As an observer of the multisite movement over the past 20 years, I get excited to see that the movement is growing in rural areas.
Whether you label the areas as exurban, fringe, or rural, it is pleasing to note that these places are becoming fertile ground for the multisite model.
The approach to rural multisite can be categorized in two ways: native and imported.
The “native” approach is defined by the presence of an already healthy base church in the rural setting. Many times, this church may have “imported” from a suburban or urban context. Over the years, this base church has morphed, changed, and been transformed into a more contemporary style church. These native churches then expand to other towns and cities in their region.
Those that pursue a “native church planting track” tend to be able to launch a new site with a smaller core team and group. They find good spaces to rehab and launch. They also have the benefit of the inside track when working with any government officials.
The “imported” approach happens when a suburban base church is usually already using the multisite approach and expanding their ministry. Often, as some of their congregation members begin moving further away from the larger city region, they begin to plant new sites in these rural areas.
Imported churches tend to bring a larger team and more resources to the task. They can get attention and advertising and bring a “big happening” mindset to the task. These tend to be a little larger at launch.
Why is the rural multisite movement happening?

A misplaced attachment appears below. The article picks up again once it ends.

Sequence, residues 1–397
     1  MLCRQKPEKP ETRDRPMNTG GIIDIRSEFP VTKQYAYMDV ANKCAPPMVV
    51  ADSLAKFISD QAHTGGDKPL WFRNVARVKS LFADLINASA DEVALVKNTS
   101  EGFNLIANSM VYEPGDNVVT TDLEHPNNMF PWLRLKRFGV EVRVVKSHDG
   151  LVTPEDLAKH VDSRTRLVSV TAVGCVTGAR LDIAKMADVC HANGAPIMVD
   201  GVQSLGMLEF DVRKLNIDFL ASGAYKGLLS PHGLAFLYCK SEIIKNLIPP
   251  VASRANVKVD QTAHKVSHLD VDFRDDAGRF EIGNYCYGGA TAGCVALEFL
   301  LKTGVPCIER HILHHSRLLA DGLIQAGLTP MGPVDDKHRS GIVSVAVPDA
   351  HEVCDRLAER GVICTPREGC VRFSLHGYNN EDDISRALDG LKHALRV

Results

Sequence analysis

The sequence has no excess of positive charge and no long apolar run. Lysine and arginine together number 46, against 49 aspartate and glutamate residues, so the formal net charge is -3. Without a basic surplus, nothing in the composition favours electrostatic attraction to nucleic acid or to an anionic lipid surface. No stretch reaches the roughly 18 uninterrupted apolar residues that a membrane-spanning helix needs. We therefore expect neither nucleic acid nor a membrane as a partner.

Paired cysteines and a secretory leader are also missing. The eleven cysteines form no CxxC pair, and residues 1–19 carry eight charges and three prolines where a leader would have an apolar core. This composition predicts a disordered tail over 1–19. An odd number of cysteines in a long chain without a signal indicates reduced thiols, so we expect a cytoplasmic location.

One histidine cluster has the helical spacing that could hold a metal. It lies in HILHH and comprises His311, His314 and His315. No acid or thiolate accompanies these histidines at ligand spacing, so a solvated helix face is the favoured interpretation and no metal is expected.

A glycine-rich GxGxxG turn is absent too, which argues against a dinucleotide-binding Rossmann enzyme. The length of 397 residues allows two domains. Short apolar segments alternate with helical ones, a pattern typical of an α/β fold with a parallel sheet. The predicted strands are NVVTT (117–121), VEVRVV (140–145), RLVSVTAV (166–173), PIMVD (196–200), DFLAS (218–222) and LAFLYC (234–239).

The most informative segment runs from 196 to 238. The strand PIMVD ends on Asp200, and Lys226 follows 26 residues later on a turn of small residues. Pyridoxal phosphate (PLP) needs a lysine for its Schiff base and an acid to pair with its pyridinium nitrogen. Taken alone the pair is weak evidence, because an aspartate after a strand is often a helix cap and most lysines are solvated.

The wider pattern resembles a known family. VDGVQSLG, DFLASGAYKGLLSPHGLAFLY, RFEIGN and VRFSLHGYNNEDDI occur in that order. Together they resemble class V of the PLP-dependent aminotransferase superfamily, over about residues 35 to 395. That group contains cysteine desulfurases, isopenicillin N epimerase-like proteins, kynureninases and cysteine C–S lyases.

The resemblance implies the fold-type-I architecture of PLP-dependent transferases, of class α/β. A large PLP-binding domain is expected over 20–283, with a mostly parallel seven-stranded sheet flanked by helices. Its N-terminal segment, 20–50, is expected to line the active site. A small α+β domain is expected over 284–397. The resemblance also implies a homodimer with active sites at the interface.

- Rural areas are growing. While the growth is not as fast as suburban or urban contexts, in many regions of the country, people are starting to migrate to those areas.
- Those are “our people.” In the case of imported churches, there are often former members or residents where the suburban church was well known. As retirees and others move farther out, they naturally seek a “city type” church to affiliate with. For native churches, the ties are often kinship and history related. There is a close network based on many years of family, work, voluntary associations, etc, that have bound people in relationship.
- Some rural churches are about to close or are experiencing leadership transition. If you spend any time in rural areas, you will notice a lot of churches. However, many of these have few people that attend. Where in the past, many could be served by a bivocational pastor, that kind of person is becoming harder to find, especially those who would be willing to move to a new community. For this reason, many are opting to try to become smaller sites of a larger regional church. The joining congregation usually has no debt and some base of participation to bring to the table.
- No matter how many churches you see, there are lots of disconnected people. While rural areas tend to claim a higher level of religious participation, true attendance patterns are much bleaker. The ties are very weak, and like churches in other regions, there are lots of drop outs.
Dave Travis is the CEO of Leadership Network, an organization whose goal is to foster innovation movements that activate the church to greater impact for the Glory of God’s name. Dave will share more of his thoughts and research by Leadership Network at Aspen’s 2017 Alignment Conference. Register today.